52. The method of claim 40, further comprising:
interconnecting the source system and the destination system by a computer network, and the data stream is encapsulated within a networking protocol adapted for transmission over the network.
53. The method of claim 40, further comprising:
carrying source file system inode data and source file generation numbers in the data stream.
54. A system to store data in a destination system, the data obtained from a source system, comprising:
a replication agent to execute on the source system, the replication agent adapted to generate a data stream, the data stream having, a plurality of standalone headers and a data following header, the data following header including an extended attribute field that associates an extended attribute with a chunk of data associated with the data following header;
a port to receive the data stream by the destination system;
an entry in a hidden metadirectory in the destination system to store, in response to receiving the data stream, the chunk of data associated with the data following header; and
retrieving the chunk of data from the hidden metadirectory so that retrieval of the entry from the hidden metadirectory also retrieves the extended attribute.
55. The system of claim 54, further comprising:
transferring the chunk of data to a purgatory metadirectory upon receipt of a changed chunk of data;
storing the received changed chunk of data in a new metadirectory;
storing additional changed chunks of data in the new metadirectory; and
upon completion of receipt of all expected additional changed chunks of data, transferring the received changed chunks of data from the new metadirectory to a permanent metadirectory, the permanent metadirectory then being available for retrieval of extended attributes associated with the received changed chunks of data.
56. The system of claim 54, further comprising:
a deleted files type included in the standalone header, and the data including a list of deleted files on the source system.
57. The system of claim 54, further comprising:
access control lists (ACLs), streams associated with a plurality of operating systems, and system architectures included in the extended attributes.
58. The system of claim 54, further comprising:
an open file/undo header that instructs the destination system to revert to an earlier copy of a stored file identified by the open file/undo header included as one of the standalone headers.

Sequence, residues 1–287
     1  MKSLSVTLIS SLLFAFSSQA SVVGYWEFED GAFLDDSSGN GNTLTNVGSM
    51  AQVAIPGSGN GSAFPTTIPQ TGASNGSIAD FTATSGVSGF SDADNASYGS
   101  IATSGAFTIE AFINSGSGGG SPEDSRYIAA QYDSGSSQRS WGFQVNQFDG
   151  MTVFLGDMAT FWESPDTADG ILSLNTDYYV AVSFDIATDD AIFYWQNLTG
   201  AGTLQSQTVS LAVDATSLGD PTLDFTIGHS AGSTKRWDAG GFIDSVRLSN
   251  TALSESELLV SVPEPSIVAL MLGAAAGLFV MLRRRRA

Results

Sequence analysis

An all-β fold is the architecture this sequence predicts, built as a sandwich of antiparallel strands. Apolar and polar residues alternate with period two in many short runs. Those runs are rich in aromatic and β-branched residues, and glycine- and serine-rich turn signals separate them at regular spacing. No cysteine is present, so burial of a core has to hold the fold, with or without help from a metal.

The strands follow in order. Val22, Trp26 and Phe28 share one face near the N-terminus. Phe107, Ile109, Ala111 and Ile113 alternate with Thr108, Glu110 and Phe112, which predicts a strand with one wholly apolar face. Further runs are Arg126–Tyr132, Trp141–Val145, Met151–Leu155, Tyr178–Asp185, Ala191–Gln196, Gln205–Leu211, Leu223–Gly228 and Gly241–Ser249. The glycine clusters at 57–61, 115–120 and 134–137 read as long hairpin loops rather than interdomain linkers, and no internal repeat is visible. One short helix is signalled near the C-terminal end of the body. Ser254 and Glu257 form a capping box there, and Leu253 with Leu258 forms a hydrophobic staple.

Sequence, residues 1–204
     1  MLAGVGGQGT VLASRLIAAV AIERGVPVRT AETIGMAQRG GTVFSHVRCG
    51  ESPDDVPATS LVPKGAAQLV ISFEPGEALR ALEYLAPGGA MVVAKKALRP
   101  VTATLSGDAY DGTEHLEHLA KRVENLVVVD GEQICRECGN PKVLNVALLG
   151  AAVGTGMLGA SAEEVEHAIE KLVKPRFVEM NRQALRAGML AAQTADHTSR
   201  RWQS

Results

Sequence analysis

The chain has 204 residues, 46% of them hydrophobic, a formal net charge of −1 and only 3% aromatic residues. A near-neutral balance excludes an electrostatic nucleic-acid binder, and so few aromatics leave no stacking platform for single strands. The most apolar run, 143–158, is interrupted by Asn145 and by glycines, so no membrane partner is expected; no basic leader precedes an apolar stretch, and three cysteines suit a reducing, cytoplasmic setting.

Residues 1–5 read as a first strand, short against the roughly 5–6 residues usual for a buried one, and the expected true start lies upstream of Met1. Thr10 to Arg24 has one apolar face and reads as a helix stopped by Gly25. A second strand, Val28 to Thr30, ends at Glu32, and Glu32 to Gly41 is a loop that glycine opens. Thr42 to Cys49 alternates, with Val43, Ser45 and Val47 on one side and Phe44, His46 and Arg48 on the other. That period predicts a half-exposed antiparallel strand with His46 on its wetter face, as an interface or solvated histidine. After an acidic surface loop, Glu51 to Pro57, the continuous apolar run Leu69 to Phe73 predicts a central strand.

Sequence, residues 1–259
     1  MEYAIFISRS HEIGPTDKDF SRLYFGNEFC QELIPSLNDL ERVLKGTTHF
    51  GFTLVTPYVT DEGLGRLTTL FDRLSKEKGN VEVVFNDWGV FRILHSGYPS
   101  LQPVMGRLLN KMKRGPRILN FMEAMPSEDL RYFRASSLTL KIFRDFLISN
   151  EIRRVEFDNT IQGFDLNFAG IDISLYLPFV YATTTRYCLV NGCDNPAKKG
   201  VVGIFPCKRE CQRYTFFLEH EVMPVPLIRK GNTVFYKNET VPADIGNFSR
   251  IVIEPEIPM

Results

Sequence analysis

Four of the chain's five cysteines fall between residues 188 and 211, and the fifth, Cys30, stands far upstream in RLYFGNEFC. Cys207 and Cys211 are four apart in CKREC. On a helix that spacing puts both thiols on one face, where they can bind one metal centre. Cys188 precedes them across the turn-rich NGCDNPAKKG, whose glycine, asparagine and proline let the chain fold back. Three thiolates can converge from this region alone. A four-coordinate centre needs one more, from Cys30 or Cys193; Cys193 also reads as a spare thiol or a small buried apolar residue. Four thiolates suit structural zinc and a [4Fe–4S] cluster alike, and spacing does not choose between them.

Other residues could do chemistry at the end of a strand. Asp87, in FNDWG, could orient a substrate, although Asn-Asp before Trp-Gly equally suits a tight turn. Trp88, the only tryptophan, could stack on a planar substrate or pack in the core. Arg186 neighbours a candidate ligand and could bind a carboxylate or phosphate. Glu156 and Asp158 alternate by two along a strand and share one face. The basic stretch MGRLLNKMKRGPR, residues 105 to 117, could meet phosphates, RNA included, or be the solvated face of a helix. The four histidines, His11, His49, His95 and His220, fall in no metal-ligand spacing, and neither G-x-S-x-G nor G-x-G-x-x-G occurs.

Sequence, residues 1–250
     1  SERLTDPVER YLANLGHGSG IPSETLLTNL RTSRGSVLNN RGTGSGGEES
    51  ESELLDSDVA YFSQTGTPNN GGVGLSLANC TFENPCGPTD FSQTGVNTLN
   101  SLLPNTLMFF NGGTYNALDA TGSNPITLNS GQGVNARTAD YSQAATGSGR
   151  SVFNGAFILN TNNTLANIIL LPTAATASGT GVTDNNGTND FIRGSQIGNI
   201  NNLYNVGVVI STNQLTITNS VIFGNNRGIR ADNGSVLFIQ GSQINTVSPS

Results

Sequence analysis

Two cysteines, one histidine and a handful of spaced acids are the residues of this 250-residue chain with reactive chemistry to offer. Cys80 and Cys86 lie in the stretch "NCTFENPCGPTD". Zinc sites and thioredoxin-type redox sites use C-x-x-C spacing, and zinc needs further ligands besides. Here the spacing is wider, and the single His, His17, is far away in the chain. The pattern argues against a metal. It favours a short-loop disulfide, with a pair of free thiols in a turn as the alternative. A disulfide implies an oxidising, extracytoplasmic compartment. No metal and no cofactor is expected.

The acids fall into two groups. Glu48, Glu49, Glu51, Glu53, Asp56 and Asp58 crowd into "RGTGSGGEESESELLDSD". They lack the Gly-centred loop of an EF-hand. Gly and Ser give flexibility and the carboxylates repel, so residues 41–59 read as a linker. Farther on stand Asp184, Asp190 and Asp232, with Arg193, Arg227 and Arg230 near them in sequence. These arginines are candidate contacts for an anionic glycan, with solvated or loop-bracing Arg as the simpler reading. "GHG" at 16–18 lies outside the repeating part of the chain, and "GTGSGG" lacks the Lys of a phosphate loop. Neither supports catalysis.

59. The system of claim 54, further comprising:
changed files on the source system, the changed files transmitted for backup on the replica.
60. The system of claim 54, further comprising:
offset and block number information in included in a header for a data set that follows the header.
61. The system of claim 54, further comprising:
a record having (A) a generic part for storing an indication of a data following header type; (B) a non-generic part, adapted to carry predetermined data related to the extended attribute and data related to offsets and block numbers for a data set information that follows the data following header; and (C) a space for a bit-code representative of a name associated with the extended attribute included in the data following header.
62. The system of claim 54, further comprising:
a fixed-length record including a generic part for storing an indication of one of a plurality of specialized header types, a non-generic part, adapted to carry predetermined data related one of the specialized header types, and a space for additional information included in at least one of the plurality of standalone headers.
63. The system of claim 54, further comprising:
a processor to position the data following header to be positioned within the data stream at predetermined intervals that are up to approximately 2 MB of data set information in size.
64. The system of claim 54, further comprising:
a hidden purgatory metadirectory included in the destination system, the hidden purgatory metadirectory storing current data set information from the hidden permanent metadirectory during an update of the hidden permanent metadirectory with changed data set information, the destination system being further adapted to (A) delete the hidden purgatory metadirectory after a complete receipt of all expected changed data set information of the hidden permanent metadirectory with the changed data set information, and (B) move current data set information stored on the hidden purgatory metadirectory back to the hidden permanent metadirectory after an incomplete receipt of all expected changed data set information.
65. The system of claim 54, further comprising:
a hidden new metadirectory created in the destination system to store changed data set information for transfer to the hidden permanent metadirectory after receipt of all the expected changed data set information.
66. The system of claim 54, further comprising:
a computer network to interconnect the source system and the destination system, and the data stream is encapsulated within a networking protocol adapted for transmission over the network.
67. The system of claim 54, further comprising:
source file system inode data and source file generation numbers carried in the data stream.
68. A computer readable media, comprising:
said computer readable media containing instructions for execution on a processor for a method of storing data in a destination system, the data obtained from a source system, the method having the steps of: